So there we have it folks the end of series two and what a finale we had; child abuse and conspiracy were the themes of this week’s episode as Endeavour veered towards the darker side of policing.
It all started innocently enough for our favourite detective; a journalist murdered. Nothing overtly suspicious and then suddenly it got a lot deeper and darker very quickly and when I say quickly, I mean it. A missing child quickly becomes a witness to a horrific crime and murders a plenty. It soon becomes clear that there is a link between the people involved in the case and it’s an old correctional school called Blenheim Vale. It appears that Blenheim Vale may have a lot to hide in terms of a suicide, unexplained departures of boys and abuse.
It seemed that there was an equal amount of suspicious activity going on in the police headquarters this week with the talk of a merger between forces, including Morse’s own Oxford City to form Thames Valley Police, a name synonymous with the later Morse and Lewis stories. However all is not as it seems and quickly a conspiracy comes to the forefront, leaving Thursday and Morse questioning who they can trust. It appears that this conspiracy has been formulating since the start of the series, with many of the elements that I mentioned in the review of episode one now coming into play.
And that was what appeared to me to be particularly effective in this finale; all the story arc elements, some obvious and some not so, that have been gathering over the series finally came into play in this episode. Unlike some other shows on TV at the moment, all these elements seemed to come together in a plausible way the odd behaviour of Jim Strange, the missing pieces of evidence, the masonic link.
The standout performance for me this week, apart from the impressive regular performances (especially Shaun Evans considering Morse’s difficult situation), has to be Jack Laskey and his performance of a tortured DS Jakes. Jakes has been an interesting character to watch through the series, usually full of himself “Neverland” saw a different side to him. A beaten child who still lived with the terrible consequences of a horrific childhood.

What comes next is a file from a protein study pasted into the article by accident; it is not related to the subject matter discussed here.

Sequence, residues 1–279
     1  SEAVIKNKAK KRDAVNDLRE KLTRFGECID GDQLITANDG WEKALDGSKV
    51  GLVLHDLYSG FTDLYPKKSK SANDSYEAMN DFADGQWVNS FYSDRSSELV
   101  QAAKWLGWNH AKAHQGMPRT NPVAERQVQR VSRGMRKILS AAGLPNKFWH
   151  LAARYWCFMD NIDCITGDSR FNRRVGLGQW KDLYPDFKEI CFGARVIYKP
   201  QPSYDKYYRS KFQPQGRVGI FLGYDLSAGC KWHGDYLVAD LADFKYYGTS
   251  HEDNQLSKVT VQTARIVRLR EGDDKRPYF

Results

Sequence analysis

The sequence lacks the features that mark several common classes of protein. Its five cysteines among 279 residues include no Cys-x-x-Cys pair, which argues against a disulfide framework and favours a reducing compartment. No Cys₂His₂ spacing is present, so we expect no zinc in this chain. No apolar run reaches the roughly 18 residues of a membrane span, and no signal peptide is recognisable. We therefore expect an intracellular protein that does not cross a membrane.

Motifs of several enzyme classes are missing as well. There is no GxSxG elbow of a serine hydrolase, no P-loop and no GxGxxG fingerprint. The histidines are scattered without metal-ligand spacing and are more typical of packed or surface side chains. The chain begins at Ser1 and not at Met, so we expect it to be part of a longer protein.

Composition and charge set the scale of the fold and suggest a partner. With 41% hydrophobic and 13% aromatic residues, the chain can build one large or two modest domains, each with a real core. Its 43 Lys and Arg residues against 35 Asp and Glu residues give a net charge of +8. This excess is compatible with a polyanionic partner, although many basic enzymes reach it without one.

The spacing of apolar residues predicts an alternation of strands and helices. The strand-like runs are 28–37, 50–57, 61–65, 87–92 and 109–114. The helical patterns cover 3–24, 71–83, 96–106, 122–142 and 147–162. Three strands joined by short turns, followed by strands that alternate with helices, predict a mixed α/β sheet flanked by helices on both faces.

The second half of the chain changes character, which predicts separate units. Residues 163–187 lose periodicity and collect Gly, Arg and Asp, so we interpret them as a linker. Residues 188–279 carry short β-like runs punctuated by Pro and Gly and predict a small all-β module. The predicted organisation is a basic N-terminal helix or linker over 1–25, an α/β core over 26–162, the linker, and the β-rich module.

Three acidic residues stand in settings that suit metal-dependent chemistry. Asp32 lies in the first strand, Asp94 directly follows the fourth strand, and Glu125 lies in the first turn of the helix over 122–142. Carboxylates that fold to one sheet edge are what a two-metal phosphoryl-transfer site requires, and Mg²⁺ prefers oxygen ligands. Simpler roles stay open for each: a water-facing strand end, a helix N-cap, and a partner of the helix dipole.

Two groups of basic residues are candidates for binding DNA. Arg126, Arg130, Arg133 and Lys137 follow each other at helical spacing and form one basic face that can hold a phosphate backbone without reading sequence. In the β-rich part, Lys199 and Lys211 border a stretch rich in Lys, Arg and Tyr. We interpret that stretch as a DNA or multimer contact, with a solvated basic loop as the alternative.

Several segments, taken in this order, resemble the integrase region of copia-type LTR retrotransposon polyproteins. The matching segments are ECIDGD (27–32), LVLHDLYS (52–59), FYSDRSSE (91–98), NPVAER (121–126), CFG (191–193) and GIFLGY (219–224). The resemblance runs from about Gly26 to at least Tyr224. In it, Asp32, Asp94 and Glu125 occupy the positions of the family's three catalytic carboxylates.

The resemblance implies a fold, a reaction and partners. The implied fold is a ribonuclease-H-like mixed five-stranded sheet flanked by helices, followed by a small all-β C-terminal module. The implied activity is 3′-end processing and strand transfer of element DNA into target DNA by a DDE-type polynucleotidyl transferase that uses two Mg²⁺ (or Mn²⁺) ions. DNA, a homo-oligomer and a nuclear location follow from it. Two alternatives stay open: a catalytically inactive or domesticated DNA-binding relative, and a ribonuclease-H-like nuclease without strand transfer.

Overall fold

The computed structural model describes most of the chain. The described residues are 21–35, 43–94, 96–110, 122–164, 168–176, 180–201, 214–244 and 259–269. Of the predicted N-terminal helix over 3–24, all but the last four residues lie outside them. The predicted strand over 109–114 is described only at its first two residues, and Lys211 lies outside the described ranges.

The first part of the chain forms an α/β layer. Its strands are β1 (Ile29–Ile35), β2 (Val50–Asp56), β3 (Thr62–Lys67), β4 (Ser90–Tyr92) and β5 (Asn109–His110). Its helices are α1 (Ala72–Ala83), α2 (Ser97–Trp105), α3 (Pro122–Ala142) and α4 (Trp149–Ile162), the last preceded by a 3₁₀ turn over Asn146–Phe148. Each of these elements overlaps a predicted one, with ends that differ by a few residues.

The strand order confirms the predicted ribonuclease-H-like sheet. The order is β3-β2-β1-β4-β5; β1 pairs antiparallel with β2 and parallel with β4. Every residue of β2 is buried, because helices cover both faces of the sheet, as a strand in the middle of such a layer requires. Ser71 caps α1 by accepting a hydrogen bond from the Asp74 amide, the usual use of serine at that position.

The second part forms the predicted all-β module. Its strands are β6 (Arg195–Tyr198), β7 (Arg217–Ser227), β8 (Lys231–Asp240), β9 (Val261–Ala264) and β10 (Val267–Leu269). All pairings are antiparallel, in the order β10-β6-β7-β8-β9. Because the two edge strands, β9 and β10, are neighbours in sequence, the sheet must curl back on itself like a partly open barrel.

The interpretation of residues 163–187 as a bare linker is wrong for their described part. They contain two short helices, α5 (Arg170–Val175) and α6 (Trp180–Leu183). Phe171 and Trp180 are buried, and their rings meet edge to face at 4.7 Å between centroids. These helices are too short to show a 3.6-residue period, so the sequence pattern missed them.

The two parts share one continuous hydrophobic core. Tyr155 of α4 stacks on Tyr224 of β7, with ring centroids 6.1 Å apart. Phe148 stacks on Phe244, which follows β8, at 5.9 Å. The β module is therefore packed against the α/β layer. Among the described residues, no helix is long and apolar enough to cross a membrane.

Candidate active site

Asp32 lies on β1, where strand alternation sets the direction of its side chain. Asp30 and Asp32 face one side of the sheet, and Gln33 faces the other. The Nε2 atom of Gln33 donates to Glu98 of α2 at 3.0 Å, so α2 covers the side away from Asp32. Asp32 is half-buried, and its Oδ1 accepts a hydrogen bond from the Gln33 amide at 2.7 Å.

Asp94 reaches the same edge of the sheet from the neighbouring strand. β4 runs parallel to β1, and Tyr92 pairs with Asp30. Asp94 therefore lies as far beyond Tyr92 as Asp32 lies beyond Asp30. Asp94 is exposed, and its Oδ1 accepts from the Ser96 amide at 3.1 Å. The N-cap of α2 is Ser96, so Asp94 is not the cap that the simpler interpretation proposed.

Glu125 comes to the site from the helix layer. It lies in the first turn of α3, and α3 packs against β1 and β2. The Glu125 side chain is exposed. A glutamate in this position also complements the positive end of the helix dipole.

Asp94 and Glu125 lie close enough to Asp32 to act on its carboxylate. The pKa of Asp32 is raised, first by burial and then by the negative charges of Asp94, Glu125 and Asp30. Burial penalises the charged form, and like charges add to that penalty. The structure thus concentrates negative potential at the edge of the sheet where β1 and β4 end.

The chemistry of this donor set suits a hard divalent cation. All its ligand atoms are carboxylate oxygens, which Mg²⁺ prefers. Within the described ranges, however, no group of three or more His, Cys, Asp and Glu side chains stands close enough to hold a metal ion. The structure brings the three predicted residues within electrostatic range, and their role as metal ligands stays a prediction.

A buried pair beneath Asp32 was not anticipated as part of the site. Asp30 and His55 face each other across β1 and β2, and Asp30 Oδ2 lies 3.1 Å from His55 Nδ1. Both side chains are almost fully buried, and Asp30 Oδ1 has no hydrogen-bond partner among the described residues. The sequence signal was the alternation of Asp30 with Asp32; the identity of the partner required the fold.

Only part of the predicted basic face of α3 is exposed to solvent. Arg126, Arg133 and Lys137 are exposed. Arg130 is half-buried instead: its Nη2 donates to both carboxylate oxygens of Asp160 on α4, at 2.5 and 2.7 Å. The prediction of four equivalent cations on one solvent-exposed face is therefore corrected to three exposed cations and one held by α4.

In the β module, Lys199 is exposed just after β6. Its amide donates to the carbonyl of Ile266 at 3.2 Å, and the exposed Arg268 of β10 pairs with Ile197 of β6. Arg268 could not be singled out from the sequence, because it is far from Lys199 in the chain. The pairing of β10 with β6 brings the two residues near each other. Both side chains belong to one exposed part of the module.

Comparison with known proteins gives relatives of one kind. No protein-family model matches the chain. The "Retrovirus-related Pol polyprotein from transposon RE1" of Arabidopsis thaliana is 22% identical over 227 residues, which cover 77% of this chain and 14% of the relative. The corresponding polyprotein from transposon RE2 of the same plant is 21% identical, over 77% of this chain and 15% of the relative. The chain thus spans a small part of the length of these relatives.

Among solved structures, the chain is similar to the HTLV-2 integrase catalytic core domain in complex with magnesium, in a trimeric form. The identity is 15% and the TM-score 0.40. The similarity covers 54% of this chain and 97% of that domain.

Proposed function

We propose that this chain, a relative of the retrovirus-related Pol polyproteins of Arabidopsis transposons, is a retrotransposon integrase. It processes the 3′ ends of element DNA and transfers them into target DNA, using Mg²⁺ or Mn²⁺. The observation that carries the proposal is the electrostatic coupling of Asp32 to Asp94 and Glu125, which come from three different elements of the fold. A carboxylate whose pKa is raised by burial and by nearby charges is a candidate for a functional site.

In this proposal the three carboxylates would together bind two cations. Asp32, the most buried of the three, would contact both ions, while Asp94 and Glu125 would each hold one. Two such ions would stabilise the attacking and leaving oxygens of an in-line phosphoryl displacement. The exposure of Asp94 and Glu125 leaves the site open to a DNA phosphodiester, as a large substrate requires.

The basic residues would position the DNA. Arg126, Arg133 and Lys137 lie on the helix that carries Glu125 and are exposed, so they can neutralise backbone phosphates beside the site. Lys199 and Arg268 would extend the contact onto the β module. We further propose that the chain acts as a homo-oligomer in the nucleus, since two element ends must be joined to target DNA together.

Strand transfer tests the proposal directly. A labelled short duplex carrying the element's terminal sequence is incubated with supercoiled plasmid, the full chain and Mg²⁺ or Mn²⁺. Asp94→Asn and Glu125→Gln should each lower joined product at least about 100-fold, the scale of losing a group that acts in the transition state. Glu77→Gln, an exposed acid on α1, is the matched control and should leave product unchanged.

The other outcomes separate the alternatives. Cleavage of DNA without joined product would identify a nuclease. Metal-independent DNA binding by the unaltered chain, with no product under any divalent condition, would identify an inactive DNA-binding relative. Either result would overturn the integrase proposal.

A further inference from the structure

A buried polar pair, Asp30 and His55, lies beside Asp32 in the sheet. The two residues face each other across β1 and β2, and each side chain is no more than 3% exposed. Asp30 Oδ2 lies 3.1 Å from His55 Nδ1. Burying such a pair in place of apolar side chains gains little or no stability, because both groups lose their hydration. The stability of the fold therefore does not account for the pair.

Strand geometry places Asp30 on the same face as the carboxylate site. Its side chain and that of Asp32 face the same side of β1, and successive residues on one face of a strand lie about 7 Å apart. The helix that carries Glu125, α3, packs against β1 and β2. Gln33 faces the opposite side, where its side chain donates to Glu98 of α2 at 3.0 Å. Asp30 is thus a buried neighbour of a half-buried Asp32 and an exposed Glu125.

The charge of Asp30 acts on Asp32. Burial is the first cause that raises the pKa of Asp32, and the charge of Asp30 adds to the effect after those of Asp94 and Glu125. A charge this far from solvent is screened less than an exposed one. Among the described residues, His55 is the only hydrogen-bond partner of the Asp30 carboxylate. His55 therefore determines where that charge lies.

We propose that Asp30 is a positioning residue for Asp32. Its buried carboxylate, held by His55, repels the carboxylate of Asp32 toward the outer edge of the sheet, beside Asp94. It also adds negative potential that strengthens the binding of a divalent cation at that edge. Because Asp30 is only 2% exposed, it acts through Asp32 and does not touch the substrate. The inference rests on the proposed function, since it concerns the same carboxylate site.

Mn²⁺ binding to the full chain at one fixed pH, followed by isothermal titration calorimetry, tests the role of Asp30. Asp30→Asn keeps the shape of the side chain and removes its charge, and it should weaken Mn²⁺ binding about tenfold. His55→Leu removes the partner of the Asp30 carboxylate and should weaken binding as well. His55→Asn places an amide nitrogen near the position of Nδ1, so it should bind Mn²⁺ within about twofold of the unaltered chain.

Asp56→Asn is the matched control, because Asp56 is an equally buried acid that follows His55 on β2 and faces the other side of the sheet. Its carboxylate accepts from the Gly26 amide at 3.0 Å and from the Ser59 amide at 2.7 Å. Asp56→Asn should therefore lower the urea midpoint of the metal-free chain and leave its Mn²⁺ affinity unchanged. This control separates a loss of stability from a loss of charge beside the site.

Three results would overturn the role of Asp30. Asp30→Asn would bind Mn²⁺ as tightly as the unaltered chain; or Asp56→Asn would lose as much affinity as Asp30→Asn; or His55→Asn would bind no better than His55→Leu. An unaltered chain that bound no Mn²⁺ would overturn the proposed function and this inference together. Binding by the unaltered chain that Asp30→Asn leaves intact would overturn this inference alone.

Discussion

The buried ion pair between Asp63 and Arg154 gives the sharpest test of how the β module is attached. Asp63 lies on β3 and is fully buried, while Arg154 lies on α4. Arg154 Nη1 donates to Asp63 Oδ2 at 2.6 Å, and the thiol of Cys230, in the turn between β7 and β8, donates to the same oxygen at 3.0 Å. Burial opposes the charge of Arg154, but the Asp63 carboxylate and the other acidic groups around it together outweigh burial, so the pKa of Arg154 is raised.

It’s been a long time since I encountered a programme on television where I was actively willing the adverts to move more quickly, but this week’s Endeavour was definitely one of these moments. The continuous tension building, followed by advert break after advert break, does not seem to be lost on Twitter where many frustrated users vented over the level of advertisement during Endeavour.
The ending was a masterpiece of drama leaving the viewer suitably confused, angry and desperate for a new episode. Endeavour took a leaf out of the book of Sherlock this week with the ending leaving us fretting over the lives of our favourite characters and hoping that ITV commissions a new series and soon. Now all I need to figure out is what to do with my Sunday nights… Vera?